And, just like a sponge, when we are squeezed…stuff comes out.
I remember the first time life squeezed me (as an adult). I had an incompetent manager who treated our team poorly. During one of her rants my sponge was squeezed and some nasty things came out: anger, bitterness, judgment. It wasn’t pretty, and I certainly wasn’t proud of my behavior.
Cleaning My Sponge
Decades ago I committed to cleaning up my sponge. I forgave my family, myself, and even God for a difficult and traumatic childhood. I opened myself up to the belief that, as cliché as it may sound, “everything happens for a reason”, and I began to retrace the events that occurred in my life. I began to realize that after every difficult period, an amazing breakthrough or advancement occurred. Sometimes it took awhile, but each difficult period altered my path, opened a new door, taught me a lesson I needed to learn, or led me to a person I needed to meet.
It was kind of cool to realize that. I mean, what IF everything happened for a reason? What IF we aren’t being punished, but are simply being prepared?
How to Know What to Heal
The next big insight in what I like to call “sponge-work” came from realizing that we attract what we need to heal. This realization was shared by Iyanla Vanzant, who was coaching me at the time. She said, Terri, “We ATTRACT what we need to heal. You’ve attracted this. What do you need to heal?” Ouch. Good point.
I began to look around at the experiences and the people I had attracted. Each of these, good and bad, shined a light on something in myself that needed to be addressed. Something that needed attention.
So, what comes out of your sponge when you are squeezed?
If it’s a little squeeze, such as a conversation or belief you disagree with, what comes out of you? With the political strife, there must be plenty of these examples. Are you argumentative and try to prove your point? Or do you accept different views?
If it’s a medium-sized squeeze, such as a disagreement with a loved one or a co-worker, what comes out? Focus less on the response of the other person, and pay attention to your own response. Don’t judge your response, just observe it.
Simply OWN what comes out of you during these difficult times. It’s not about the other person, it’s about you and your response. Ask yourself what needs to be healed in order for your sponge to be clean.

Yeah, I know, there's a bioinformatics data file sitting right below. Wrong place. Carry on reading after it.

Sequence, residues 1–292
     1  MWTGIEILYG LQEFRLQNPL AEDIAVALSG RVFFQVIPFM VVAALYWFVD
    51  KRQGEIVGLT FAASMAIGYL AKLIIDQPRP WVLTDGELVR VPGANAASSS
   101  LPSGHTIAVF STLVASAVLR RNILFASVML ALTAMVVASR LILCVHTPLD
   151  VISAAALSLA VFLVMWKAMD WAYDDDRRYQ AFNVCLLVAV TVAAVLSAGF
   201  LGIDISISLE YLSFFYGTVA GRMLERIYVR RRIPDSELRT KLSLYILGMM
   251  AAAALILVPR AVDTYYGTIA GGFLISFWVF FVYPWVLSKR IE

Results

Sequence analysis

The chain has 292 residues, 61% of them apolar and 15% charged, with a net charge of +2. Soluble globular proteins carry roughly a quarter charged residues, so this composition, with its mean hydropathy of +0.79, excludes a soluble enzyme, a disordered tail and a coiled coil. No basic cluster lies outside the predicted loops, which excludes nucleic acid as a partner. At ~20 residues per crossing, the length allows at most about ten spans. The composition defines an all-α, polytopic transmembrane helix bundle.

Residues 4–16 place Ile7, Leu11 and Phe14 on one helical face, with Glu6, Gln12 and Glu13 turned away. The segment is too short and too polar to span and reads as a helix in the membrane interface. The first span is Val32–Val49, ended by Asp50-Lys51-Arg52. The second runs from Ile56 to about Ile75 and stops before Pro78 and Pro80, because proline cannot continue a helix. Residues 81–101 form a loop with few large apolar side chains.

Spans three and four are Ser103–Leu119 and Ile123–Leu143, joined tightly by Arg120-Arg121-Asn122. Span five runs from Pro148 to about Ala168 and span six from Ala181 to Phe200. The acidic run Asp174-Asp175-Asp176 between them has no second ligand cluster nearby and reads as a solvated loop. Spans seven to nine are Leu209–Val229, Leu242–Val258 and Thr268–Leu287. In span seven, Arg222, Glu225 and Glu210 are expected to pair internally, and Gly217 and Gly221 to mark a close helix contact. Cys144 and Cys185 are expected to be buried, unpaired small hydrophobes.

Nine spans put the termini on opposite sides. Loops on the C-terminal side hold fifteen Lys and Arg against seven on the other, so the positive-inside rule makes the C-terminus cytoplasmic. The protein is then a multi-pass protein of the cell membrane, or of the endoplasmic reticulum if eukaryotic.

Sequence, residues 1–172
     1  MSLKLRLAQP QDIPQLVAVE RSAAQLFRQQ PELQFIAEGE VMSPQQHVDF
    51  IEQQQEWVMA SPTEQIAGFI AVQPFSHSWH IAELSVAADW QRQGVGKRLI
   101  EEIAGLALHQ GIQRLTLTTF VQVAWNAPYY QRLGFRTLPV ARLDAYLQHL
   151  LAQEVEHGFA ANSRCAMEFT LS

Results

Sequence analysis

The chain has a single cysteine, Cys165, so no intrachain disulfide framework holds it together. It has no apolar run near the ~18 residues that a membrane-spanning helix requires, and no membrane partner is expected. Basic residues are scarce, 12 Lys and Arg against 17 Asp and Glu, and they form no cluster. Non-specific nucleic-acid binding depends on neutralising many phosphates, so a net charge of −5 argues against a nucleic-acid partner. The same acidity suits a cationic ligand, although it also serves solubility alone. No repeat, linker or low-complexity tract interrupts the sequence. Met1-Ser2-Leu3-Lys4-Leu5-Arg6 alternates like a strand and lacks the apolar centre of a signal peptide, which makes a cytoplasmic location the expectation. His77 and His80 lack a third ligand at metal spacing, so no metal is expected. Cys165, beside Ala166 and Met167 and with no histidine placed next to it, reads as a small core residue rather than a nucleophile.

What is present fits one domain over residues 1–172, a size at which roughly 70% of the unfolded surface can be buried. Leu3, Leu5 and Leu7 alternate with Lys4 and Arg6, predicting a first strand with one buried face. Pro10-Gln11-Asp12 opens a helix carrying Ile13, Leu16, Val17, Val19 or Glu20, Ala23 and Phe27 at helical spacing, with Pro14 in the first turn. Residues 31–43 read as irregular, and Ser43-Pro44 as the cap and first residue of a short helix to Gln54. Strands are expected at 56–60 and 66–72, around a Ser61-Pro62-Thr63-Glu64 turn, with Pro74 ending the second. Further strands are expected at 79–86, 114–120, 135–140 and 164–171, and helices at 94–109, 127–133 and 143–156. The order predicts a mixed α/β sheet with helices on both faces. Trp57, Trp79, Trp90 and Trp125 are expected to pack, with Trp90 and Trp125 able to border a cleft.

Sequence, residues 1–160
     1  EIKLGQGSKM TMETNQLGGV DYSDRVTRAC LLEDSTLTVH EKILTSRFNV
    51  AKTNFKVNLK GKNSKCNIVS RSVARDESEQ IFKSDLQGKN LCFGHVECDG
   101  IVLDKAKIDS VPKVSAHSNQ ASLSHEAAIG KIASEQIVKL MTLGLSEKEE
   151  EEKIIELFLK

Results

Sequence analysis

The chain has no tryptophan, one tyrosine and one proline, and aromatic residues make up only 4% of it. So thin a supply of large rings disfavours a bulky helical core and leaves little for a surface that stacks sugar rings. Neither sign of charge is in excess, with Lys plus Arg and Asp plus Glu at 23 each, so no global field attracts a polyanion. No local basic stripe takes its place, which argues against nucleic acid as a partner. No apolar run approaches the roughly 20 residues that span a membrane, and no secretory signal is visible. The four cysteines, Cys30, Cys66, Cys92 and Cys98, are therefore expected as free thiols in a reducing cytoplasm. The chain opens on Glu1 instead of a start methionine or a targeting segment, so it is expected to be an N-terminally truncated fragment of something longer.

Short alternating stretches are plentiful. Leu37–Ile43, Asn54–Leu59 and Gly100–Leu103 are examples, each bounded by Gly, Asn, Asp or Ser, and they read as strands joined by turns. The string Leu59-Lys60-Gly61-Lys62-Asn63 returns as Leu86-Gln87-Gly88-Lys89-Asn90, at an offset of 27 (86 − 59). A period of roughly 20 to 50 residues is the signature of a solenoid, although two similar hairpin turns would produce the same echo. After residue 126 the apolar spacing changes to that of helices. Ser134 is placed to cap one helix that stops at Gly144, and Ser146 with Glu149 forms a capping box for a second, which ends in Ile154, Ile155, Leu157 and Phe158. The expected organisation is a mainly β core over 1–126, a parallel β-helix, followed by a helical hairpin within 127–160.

And, for the big squeezes, such as an ending relationship, job loss, business failure or death of a loved one, how do you react? And I’m not talking about the initial few months of shock and grief after a big squeeze, because we are justifiably crazy for the period immediately after a traumatic loss.
I’m talking about after the dust settles. How ARE you? How did the big squeeze change you? Was it for the better? The same? Were you discouraged? Angry? Critical? More distrusting? Or, did you open to the possibility that good will come from the squeeze?
Life is a Sponge
So, what’s coming out of your sponge these days? Are you open to the possibilities of learning and becoming more? Or are you fighting life’s squeezes, avoiding them and shutting down? Are you still mad at the other person, or even God?
If you want more in your life, start with self-reflection. Pay attention to your sponge and accept responsibility for cleaning it up.
With the soulfulness of Wayne Dyer and the entrepreneurial spirit of Richard Branson, Terri is a world-class business growth expert, social impact investor, and serial entrepreneur whose purpose is to inspire potential. With her own money, Terri built a portfolio of purposeful companies, Share On Purpose, Inc., and now invests in and creates mission-driven start-ups.
In a career that spans more than 25 years, Terri has launched, owned, sold, rebranded or turned around more than 40 companies. She is known for her game-changing business models and personal transformation frameworks.
Everything she built came directly from a wellspring of perseverance and soulful resiliency, which she openly shares through her first purposeful brand, Succeed On Purpose.
Business should be a force for good. We've found that the majority of entrepreneurial companies are conscious. There are actually four types of conscious entrepreneurs who are driven by two factors: meaning and impact.